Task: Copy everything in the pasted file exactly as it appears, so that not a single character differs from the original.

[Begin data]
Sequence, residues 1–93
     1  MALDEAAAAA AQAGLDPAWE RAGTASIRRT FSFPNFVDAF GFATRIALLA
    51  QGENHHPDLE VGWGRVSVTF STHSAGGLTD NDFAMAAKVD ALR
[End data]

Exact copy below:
Sequence, residues 1–93
     1  MALDEAAAAA AQAGLDPAWE RAGTASIRRT FSFPNFVDAF GFATRIALLA
    51  QGENHHPDLE VGWGRVSVTF STHSAGGLTD NDFAMAAKVD ALR